If you've ever been a Java or C++ programmer, then you probably encountered some pretty strong opinions about object-oriented programming (OOP). And, if you've ever been online, I'm sure you've also seen similar strong opinions about the state of PHP and, perhaps, the mental acuity of those who choose to use it. If you've ever wondered what all the OOP hoopla was about and how it might be useful to us when programming in WordPress, then this is the session for you!
Dash has been writing object-oriented code for years. More pertinently, they've developed some extremely useful tools that you can use to get started in this world, too. Especially now that WordPress is recommending PHP 7.3, it's time to learn about and play with all the new features of our language that we have in our toy box primarily those which could positively impact your theme and plugin development going forward.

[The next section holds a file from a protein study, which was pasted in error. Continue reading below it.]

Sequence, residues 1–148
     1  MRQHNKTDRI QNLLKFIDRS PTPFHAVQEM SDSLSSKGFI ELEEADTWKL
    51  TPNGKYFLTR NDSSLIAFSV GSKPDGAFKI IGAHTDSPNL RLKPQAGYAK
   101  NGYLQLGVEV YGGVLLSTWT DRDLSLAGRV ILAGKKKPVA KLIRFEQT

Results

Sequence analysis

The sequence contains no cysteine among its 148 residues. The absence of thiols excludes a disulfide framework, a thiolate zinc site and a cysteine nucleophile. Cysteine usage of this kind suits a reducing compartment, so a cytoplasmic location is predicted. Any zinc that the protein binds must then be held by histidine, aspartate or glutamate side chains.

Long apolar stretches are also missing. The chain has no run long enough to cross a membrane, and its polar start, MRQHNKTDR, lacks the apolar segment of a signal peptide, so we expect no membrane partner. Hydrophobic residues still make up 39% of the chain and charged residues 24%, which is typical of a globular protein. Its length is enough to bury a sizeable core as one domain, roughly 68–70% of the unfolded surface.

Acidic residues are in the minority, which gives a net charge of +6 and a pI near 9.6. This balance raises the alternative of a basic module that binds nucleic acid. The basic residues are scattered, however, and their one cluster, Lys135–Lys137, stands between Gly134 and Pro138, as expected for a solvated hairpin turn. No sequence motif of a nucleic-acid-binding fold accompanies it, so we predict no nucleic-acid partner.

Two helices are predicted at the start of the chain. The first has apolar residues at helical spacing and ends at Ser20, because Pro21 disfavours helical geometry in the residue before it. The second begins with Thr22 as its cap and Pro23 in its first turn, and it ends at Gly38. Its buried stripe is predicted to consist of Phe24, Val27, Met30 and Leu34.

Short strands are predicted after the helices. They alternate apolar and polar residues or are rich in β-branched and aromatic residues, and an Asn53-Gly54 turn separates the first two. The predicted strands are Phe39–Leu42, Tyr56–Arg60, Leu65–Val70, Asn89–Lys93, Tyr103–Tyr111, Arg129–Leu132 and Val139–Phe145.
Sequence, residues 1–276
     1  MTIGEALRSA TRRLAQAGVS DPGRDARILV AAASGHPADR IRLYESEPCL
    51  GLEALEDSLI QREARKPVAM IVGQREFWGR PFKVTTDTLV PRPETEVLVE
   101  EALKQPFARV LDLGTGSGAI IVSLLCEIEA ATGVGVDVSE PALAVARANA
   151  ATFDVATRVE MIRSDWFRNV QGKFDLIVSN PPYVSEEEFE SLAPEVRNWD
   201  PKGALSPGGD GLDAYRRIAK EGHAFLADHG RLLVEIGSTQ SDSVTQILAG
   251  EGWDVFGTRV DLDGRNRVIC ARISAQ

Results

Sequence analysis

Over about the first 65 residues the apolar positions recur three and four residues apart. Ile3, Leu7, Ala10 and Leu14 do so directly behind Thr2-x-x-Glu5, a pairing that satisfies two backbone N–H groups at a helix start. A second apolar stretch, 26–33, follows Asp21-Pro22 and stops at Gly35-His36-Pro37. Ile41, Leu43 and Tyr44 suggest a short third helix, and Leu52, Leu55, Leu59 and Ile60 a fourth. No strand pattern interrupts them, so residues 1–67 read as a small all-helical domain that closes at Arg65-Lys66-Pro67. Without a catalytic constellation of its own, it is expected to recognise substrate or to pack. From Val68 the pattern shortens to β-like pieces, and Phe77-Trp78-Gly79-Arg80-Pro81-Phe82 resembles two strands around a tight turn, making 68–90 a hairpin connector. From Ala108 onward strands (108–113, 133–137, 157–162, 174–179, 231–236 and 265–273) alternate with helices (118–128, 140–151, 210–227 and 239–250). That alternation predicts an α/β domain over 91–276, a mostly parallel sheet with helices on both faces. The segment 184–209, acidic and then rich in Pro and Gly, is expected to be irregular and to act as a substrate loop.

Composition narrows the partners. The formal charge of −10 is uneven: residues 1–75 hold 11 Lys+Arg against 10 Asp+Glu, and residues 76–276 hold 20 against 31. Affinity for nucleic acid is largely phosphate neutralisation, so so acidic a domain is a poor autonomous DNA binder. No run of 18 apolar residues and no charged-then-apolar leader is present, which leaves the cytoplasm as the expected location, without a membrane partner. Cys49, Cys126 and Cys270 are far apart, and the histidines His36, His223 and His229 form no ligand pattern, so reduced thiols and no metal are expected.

After this session, you'll have a good understanding of new PHP features like parameter and return type hinting, argument unpacking, and the spaceship operator (yeah, it's a thing). We'll also go over some basic OOP concepts like the SOLID development principles. Finally, we'll take a quick look at how Dash uses some or all of these in developing themes and plugins.
A note from Dash: At the end of the video, I ad-libbed an joke that, even as I said it, I realized was inappropriate. Unsure of whether to correct myself in the moment or just complete the presentation, I opted to complete it and post this message here. My apologies.
By day, David Dashifen Kees is a mild-mannered programmer living in Virginia working for the Web Services unit within Georgetown University's Information Services department. By night ... they're pretty much the same thing except asleep. Programming since the sixth grade, Dash has been writing web applications in academia since 1998 and evangelizing WordPress since 2010. When not coding, they enjoy comics, movies, games, fantasy novels, and walking their dog, Jill. They program with tabs, use two spaces after a period, and you can pry the Oxford comma from their cold, dead hands.
Pronouns: they/them 😁
- General Lecture Session: Object-oriented theme and plugin development with PHP 7